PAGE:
A shunt is a delicate piece of equipment that can malfunction, usually by becoming blocked or infected.
It's estimated up to 4 in 10 shunts will malfunction in the first year after surgery.
Sometimes, a scan after the operation shows the shunt is not in the best position and further surgery is needed to reposition it.
If a baby or child has a shunt fitted, the shunt may become too small as the child grows, and it will need to be replaced. As most people need a shunt for the rest of their life, more than one replacement may be needed.
There can occasionally be bleeding when a shunt is positioned. This can cause nerve problems, such as weakness down one side. There's also a small risk of fits after any type of brain surgery.
In younger children, particularly babies, cerebrospinal fluid (CSF) can run alongside the shunt rather than down it, and the fluid can leak through the skin wound. Additional stitches will be needed to stop the leak.
A shunt blockage can be very serious as it can lead to an build-up of excess fluid in the brain, which can cause brain damage. This will cause the symptoms of hydrocephalus.
Emergency surgery will be needed to replace the malfunctioning shunt.
Shunt infection is also a relatively common complication after shunt surgery. The risk of infection is up to 1 in 5 in children, with a lower risk in adults. Infections are more likely to develop during the first few months after surgery.
The symptoms of a shunt infection may include:
- redness and tenderness along the line of the shunt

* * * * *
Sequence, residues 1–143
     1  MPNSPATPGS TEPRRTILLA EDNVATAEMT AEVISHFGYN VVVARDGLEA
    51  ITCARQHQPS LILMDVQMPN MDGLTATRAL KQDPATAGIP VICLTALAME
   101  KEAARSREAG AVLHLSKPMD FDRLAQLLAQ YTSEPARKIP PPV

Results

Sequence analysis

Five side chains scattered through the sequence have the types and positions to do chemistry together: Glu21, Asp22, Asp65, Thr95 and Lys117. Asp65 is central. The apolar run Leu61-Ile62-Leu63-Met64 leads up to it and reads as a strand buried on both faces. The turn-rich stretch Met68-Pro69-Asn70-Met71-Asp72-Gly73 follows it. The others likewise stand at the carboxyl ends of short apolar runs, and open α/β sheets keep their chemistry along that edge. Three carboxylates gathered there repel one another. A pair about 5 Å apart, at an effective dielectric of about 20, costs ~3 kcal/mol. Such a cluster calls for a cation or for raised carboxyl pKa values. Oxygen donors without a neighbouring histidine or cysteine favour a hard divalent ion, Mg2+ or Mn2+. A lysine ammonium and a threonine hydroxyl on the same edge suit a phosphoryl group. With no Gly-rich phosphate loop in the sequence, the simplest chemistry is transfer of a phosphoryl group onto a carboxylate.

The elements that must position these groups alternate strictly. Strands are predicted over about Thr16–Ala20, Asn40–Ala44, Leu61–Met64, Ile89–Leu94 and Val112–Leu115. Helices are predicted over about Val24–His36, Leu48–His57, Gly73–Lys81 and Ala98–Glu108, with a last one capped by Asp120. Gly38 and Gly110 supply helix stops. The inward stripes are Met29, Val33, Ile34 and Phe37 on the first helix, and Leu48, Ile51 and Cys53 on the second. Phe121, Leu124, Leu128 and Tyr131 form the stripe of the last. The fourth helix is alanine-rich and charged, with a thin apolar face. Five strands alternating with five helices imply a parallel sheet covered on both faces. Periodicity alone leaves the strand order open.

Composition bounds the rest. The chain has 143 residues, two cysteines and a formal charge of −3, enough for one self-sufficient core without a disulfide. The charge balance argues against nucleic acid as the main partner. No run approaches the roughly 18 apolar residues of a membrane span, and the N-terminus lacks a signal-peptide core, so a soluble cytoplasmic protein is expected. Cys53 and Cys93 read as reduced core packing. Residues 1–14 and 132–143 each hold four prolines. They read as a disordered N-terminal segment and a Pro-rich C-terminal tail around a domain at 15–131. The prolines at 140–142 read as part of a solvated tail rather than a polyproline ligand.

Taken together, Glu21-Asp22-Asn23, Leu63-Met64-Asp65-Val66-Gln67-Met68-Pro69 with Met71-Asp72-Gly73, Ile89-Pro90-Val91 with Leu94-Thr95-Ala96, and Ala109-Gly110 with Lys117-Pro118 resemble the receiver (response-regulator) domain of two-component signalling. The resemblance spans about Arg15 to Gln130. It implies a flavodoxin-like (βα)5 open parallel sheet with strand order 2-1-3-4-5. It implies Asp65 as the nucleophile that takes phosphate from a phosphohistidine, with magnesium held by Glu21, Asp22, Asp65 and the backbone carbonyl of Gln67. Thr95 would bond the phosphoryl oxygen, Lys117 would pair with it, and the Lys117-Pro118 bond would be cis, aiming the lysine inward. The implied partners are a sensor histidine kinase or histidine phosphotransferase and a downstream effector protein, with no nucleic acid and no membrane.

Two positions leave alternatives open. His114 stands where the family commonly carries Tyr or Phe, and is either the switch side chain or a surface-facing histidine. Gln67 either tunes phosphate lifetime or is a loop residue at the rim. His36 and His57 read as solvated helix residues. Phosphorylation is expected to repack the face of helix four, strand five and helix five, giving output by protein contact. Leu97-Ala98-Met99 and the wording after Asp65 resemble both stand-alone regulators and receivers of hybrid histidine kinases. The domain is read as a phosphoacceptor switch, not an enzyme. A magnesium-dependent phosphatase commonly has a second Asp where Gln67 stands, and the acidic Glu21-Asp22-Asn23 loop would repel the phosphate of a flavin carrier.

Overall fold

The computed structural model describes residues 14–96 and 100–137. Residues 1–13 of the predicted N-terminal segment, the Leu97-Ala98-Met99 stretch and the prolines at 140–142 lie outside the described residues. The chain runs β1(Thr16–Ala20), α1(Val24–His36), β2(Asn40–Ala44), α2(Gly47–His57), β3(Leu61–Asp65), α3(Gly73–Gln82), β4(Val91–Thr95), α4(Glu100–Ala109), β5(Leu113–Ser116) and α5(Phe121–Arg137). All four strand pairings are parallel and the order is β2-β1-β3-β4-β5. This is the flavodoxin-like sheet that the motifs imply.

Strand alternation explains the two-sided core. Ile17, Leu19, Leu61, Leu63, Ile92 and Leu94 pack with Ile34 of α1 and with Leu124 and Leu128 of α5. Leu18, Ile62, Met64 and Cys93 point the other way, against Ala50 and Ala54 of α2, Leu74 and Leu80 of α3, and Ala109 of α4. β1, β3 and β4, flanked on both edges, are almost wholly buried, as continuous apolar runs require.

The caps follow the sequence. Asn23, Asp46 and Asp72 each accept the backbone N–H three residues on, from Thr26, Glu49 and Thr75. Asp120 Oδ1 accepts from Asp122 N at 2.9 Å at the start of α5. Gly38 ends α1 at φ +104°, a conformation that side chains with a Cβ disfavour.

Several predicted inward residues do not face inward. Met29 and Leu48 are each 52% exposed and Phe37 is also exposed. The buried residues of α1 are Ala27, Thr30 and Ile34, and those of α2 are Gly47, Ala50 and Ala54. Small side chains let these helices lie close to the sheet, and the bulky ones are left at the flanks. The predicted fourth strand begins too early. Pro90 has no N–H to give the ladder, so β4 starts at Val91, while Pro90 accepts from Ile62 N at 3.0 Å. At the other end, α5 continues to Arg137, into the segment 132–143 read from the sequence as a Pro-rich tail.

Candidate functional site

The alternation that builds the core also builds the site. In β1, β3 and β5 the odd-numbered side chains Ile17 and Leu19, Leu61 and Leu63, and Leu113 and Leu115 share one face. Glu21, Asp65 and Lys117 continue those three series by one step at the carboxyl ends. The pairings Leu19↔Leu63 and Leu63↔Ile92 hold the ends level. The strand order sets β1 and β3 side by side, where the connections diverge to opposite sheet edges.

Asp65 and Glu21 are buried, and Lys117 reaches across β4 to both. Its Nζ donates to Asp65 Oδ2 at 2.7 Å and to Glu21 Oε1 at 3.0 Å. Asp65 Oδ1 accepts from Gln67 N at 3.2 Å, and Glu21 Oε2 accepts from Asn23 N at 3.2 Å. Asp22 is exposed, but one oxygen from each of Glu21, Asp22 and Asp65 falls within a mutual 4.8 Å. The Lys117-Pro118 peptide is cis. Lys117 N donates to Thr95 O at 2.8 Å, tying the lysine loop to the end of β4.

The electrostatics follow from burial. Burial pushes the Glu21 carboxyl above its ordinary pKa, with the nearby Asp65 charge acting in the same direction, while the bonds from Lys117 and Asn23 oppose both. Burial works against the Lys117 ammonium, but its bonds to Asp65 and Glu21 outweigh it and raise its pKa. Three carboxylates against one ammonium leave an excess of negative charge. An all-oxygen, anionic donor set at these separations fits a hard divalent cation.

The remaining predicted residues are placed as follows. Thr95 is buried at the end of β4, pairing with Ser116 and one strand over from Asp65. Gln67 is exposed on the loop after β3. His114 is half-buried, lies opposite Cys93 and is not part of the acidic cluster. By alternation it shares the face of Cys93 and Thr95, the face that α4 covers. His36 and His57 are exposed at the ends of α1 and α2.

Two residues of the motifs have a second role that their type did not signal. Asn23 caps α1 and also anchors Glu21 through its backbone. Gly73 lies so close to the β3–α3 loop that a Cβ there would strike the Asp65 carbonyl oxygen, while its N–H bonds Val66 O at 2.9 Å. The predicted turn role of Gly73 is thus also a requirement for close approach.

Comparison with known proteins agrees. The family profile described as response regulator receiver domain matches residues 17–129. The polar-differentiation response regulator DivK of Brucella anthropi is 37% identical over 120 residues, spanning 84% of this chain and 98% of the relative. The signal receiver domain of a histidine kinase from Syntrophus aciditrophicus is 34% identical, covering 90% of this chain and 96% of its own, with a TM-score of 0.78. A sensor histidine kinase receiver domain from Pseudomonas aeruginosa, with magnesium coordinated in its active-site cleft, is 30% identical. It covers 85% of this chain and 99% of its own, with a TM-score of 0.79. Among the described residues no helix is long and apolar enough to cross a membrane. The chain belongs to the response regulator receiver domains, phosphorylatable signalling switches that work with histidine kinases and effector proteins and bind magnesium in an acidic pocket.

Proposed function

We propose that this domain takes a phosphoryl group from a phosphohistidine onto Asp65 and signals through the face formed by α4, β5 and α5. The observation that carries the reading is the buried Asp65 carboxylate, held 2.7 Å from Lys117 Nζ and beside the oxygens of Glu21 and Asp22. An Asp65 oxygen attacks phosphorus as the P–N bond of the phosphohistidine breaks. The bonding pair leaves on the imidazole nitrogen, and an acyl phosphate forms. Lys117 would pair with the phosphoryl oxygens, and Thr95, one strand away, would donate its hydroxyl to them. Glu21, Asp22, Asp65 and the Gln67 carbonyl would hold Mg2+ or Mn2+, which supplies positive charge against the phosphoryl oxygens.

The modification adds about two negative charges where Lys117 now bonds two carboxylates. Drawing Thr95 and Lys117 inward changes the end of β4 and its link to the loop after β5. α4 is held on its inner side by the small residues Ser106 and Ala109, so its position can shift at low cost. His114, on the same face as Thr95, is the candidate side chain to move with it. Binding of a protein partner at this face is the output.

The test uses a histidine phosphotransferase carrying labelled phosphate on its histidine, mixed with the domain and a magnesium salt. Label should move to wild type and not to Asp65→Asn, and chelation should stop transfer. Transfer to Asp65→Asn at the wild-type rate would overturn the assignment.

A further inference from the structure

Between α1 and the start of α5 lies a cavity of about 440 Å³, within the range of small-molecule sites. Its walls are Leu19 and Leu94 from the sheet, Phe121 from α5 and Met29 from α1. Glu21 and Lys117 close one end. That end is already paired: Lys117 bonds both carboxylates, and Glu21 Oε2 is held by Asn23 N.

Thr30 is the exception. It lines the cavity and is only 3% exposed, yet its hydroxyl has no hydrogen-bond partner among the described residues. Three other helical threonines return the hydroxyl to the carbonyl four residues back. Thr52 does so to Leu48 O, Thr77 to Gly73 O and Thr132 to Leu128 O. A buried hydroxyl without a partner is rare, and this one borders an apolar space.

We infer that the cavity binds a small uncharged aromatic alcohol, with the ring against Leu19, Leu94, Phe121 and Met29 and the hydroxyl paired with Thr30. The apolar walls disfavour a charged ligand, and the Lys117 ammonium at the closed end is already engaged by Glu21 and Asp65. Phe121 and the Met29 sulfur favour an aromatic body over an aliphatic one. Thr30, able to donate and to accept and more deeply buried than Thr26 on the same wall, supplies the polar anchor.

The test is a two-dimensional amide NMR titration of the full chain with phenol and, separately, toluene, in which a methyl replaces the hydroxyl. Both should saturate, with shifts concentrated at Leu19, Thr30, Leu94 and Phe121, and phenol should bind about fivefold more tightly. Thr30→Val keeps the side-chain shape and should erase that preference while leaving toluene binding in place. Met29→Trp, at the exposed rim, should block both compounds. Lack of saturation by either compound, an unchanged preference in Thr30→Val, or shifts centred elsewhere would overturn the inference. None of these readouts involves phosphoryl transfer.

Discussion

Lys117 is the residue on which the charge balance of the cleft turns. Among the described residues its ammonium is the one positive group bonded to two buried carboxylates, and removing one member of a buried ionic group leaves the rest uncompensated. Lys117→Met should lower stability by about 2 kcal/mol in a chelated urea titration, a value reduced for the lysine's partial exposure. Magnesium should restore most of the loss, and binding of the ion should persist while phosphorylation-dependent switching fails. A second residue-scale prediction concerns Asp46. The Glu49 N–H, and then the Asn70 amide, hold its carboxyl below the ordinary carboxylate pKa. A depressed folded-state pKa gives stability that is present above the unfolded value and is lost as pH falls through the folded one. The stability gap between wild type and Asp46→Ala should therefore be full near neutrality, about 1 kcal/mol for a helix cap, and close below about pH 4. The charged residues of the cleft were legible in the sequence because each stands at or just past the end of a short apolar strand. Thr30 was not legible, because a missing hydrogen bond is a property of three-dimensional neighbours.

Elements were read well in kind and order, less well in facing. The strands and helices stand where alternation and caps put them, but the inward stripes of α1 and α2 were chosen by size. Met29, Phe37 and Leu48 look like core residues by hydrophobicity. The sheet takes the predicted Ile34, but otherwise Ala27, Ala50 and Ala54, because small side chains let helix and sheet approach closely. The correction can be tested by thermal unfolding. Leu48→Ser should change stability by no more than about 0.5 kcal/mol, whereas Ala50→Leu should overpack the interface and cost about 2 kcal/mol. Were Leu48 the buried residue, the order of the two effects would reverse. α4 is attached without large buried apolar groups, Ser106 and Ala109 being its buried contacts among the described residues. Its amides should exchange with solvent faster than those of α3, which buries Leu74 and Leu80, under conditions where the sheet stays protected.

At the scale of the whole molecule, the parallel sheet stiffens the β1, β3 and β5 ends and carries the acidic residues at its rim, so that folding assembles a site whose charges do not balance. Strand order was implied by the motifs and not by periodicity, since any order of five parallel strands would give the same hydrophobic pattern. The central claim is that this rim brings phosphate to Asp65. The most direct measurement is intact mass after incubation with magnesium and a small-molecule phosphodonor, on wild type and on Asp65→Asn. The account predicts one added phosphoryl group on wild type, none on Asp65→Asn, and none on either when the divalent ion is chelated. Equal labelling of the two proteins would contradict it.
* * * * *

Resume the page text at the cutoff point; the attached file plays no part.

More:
- a high temperature
- neck stiffness
- tummy pain if the shunt drains into your tummy
- irritability or sleepiness in babies
Contact your care team immediately if you or your child has these symptoms.
Antibiotics may be needed to treat the infection and, in some cases, surgery may be required to replace the shunt.
Shunt alert cards
The hydrocephalus and spina bifida charity Shine has produced a series of shunt alert cards for adults and children. You carry the card with you if you've had a shunt fitted.
The card is useful in a medical emergency if you have symptoms of a blockage or infection.
The healthcare professionals treating you will be aware that you have a shunt fitted and will check whether this is causing your symptoms.
Complications of endoscopic third ventriculostomy (ETV)
An endoscopic third ventriculostomy (ETV) is surgery to create a small hole in the floor of the brain to drain the cerebrospinal fluid (CSF).
Possible complications after ETV surgery include:
- the hole can close
- your brain may not be able to absorb the CSF that's now draining through it
- you may develop an infection – although this is less likely than after shunt surgery
- you may have bleeding inside your brain – this is usually minor
If there's a problem with the hole, it may be possible to repeat the procedure, or you may need to have a shunt fitted.
Other risks of ETV include nerve problems, such as weakness down 1 side of the body, double vision or hormone imbalances. Most nerve problems will get better, but there's a small risk of permanent problems.
There's also a small risk of epilepsy, and a very small risk of an injury to a blood vessel in the brain, which may be fatal.